|Similar creatures||Griffin, Manticore, Cherub, Lamassu, Narasimha|
|Mythology||Persian, Egyptian and Greek|
In Greek tradition, the sphinx has the head of a woman, the haunches of a lion, and the wings of a bird. She is mythicised as treacherous and merciless. Those who cannot answer her riddle suffer a fate typical in such mythological stories, as they are killed and eaten by this ravenous monster. This deadly version of a sphinx appears in the myth and drama of Oedipus.
Unlike the Greek sphinx, which was a woman, the Egyptian sphinx is typically shown as a man (an androsphinx (Ancient Greek: ανδρόσφιγξ)). In addition, the Egyptian sphinx was viewed as benevolent, but having a ferocious strength similar to the malevolent Greek version. Both were thought of as guardians, and often flank the entrances to temples.
In European decorative art, the sphinx enjoyed a major revival during the Renaissance. Later, the sphinx image, initially very similar to the original Ancient Egyptian concept, was exported into many other cultures, albeit there often interpreted quite differently due to translations of descriptions of the originals and through evolution of the concept in relation to other cultural traditions.
Sphinxes depictions are generally associated with architectural structures such as royal tombs or religious temples. The oldest known sphinx was found 195 kilometres (120 mi) to the east at Körtik Tepe, Turkey, and was dated to 9,500 B.C.
The largest and most famous sphinx is the Great Sphinx of Giza, situated on the Giza Plateau adjacent to the Great Pyramids of Giza on the west bank of the Nile River and facing east (29°58′31″N 31°08′15″E). The sphinx is located southeast of the pyramids. While the date of its construction is not known for certain, general consensus among egyptologists is that the head of the Great Sphinx bears the likeness of the pharaoh Khafra, while a fringe minority of late 20th century geologists have claimed evidence of water erosion in and around the Sphinx enclosure which would prove that the Sphinx predates Khafra, a claim that is sometimes referred to as the Sphinx water erosion hypothesis, but which has little support among egyptologists.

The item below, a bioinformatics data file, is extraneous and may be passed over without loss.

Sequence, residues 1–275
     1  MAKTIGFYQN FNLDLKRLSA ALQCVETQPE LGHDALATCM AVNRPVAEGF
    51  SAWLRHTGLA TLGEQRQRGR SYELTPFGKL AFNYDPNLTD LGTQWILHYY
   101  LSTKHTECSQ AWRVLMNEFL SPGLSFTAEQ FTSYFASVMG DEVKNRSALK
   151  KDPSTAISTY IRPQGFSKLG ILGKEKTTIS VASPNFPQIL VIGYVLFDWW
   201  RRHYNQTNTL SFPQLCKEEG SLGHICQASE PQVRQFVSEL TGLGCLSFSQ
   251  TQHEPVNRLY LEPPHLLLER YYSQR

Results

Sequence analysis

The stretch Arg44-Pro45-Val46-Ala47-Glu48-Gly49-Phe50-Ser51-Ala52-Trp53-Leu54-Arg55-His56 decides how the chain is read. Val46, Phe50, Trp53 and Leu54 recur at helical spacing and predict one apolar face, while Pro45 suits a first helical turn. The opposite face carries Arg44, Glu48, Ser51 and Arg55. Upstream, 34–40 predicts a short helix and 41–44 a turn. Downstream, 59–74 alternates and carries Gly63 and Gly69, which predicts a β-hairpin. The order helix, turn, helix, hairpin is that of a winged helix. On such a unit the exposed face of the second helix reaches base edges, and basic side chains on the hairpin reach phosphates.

What names their builders gave to these statues is not known. At the Great Sphinx site, a 1400 B.C. inscription on a stele belonging to the 18th dynasty pharaoh Thutmose IV lists the names of three aspects of the local sun deity of that period, Khepera–Rê–Atum. Many pharaohs had their heads carved atop the guardian statues for their tombs to show their close relationship with the powerful solar deity Sekhmet, a lioness. Besides the Great Sphinx, other famous Egyptian sphinxes include one bearing the head of the pharaoh Hatshepsut, with her likeness carved in granite, which is now in the Metropolitan Museum of Art in New York, and the alabaster sphinx of Memphis, Memphis, Egypt, currently located within the open-air museum at that site. The theme was expanded to form great avenues of guardian sphinxes lining the approaches to tombs and temples as well as serving as details atop the posts of flights of stairs to very grand complexes. Nine hundred sphinxes with ram heads, representing Amon, were built in Thebes, where his cult was strongest.
In the Bronze Age, the Hellenes had trade and cultural contacts with Egypt. Before the time that Alexander the Great occupied Egypt, the Greek name, sphinx, was already applied to these statues. The historians and geographers of Greece wrote extensively about Egyptian culture. Herodotus called the ram-headed sphinxes Criosphinxes and called the hawk-headed ones Hieracosphinxes.